THIS VERY old and rare postcard dates back to the turn of the 19th and 20th centuries and bears clear signs of the Hapsburg monarchy. Its inscription is in Hungarian and German but the name of the place it depicts is Slovak.
The multiethnic character of the period is stressed as well by the name of the publisher, Alfred Wiesner from Malacky, who printed most of the postcards of the Záhorie region in western Slovakia and was of Jewish origin.
The postcard shows a distant image: the periphery of the village of Plavecký Mikuláš in Záhorie with its rocky ridges in the background and wooden houses with roofs made of straw as well as fences and a bridge constructed of wood.
Two cows standing in the centre remind us that breeding cattle was one of the most important ways of making a living in the territory of today’s Slovakia since the late Middle Ages.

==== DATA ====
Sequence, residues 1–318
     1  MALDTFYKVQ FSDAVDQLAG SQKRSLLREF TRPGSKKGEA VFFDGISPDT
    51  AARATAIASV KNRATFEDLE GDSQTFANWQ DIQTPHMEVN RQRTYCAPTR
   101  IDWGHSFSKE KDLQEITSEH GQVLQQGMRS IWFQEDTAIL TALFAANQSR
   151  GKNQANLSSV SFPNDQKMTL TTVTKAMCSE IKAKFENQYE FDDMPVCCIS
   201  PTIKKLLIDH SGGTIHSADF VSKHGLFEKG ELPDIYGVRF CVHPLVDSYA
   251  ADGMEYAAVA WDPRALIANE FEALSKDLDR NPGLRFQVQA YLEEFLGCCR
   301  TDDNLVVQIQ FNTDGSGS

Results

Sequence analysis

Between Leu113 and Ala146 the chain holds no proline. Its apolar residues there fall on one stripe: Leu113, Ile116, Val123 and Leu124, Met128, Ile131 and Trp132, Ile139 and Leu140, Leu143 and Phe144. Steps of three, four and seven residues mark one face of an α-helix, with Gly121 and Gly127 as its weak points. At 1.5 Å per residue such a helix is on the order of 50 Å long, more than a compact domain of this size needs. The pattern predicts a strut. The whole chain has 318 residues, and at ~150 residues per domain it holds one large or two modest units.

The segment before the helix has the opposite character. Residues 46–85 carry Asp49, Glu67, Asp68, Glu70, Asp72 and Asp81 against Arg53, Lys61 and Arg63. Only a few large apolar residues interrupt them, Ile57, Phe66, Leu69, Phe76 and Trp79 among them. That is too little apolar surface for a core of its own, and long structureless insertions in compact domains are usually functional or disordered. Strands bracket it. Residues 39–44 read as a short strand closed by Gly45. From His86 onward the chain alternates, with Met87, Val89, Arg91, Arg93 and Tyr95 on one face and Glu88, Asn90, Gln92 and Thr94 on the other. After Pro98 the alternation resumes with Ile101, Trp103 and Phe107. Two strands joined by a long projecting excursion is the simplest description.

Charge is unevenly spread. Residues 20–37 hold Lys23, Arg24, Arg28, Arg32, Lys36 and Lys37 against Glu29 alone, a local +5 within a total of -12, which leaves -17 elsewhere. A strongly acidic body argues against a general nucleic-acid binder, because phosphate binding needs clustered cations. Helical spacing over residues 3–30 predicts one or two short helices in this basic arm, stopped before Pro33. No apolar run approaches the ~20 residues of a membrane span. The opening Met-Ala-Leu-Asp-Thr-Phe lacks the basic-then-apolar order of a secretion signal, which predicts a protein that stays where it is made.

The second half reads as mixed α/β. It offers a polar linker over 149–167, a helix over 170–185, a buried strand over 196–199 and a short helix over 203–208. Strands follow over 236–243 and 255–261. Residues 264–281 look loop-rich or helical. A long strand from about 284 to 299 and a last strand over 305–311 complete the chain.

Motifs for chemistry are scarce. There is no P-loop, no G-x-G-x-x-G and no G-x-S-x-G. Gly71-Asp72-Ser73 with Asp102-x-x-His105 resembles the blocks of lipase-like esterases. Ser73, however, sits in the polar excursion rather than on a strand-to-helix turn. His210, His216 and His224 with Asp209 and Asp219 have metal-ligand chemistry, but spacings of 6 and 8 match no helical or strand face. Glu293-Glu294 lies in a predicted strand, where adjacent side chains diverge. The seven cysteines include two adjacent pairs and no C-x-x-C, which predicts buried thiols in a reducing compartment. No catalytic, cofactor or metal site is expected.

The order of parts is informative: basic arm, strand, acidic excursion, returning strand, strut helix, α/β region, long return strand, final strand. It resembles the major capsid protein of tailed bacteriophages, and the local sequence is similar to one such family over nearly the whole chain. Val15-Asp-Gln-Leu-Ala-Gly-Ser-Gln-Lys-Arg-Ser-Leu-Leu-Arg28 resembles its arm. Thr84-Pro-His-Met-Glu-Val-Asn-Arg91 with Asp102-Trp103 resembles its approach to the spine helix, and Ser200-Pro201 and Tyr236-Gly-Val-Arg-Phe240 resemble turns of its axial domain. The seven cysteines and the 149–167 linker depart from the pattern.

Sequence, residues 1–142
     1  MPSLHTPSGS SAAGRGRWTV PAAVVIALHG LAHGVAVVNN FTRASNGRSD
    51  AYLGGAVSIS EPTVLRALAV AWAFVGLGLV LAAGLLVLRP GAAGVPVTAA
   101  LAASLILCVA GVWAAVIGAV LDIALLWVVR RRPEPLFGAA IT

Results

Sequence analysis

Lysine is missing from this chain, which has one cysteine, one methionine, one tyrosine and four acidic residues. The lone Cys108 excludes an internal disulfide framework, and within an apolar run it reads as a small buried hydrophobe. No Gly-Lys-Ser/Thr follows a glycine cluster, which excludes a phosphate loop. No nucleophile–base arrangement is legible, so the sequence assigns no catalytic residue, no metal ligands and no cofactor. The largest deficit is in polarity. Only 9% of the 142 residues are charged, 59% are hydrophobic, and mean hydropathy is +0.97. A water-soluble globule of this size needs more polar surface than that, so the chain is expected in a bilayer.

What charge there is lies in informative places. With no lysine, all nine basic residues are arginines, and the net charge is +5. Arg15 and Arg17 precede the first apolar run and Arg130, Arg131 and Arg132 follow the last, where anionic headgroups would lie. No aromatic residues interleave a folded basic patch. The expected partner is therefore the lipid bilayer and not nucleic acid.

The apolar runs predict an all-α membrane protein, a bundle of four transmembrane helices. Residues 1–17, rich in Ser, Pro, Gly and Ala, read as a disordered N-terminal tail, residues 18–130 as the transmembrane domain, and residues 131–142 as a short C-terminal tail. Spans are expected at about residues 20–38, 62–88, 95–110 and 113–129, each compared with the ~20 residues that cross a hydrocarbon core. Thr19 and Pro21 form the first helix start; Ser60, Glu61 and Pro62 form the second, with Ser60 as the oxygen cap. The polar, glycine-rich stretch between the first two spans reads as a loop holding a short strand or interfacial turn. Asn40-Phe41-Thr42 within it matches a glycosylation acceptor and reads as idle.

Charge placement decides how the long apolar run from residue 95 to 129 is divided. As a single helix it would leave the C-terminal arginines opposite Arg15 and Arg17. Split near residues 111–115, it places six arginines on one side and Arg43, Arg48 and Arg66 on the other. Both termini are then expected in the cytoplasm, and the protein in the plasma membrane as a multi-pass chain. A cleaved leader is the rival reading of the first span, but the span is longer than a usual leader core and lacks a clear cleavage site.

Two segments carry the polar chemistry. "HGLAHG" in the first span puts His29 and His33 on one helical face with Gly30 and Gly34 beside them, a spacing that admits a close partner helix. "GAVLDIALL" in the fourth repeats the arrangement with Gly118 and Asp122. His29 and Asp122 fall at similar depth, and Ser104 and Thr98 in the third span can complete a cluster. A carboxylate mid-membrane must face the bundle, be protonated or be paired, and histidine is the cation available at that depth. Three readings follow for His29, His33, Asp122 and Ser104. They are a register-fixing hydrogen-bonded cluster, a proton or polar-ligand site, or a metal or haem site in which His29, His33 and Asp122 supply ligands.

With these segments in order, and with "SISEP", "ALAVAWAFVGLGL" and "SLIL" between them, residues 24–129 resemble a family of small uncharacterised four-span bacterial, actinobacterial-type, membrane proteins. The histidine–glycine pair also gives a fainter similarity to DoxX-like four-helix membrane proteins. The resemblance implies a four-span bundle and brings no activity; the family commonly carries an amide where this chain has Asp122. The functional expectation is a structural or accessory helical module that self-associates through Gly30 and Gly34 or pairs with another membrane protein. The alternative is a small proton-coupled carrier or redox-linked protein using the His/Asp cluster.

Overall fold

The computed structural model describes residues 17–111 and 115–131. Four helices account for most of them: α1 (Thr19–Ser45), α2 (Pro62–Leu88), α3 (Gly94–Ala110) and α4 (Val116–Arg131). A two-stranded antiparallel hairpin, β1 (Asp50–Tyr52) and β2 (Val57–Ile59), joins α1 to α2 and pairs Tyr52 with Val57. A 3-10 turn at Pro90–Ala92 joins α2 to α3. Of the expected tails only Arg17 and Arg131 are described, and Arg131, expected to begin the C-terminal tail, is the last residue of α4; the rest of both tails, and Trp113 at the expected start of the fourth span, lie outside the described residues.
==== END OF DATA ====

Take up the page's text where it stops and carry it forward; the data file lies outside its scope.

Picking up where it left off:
Certainly the pastoral nations on which old Slav regions bordered contributed to this tradition. In southern areas, horse breeding prevailed while it was ox breeding in the north. Cattle breeding influenced the life and culture of Slovakia to a large extent until the 20th century.
The decline of this pastoral tradition came very quickly in the 20th century as communism brought a collectivisation of land and livestock that was quite destructive of the earlier cattle-breeding culture.
14. Nov 2011 at 0:00 | By Branislav Chovan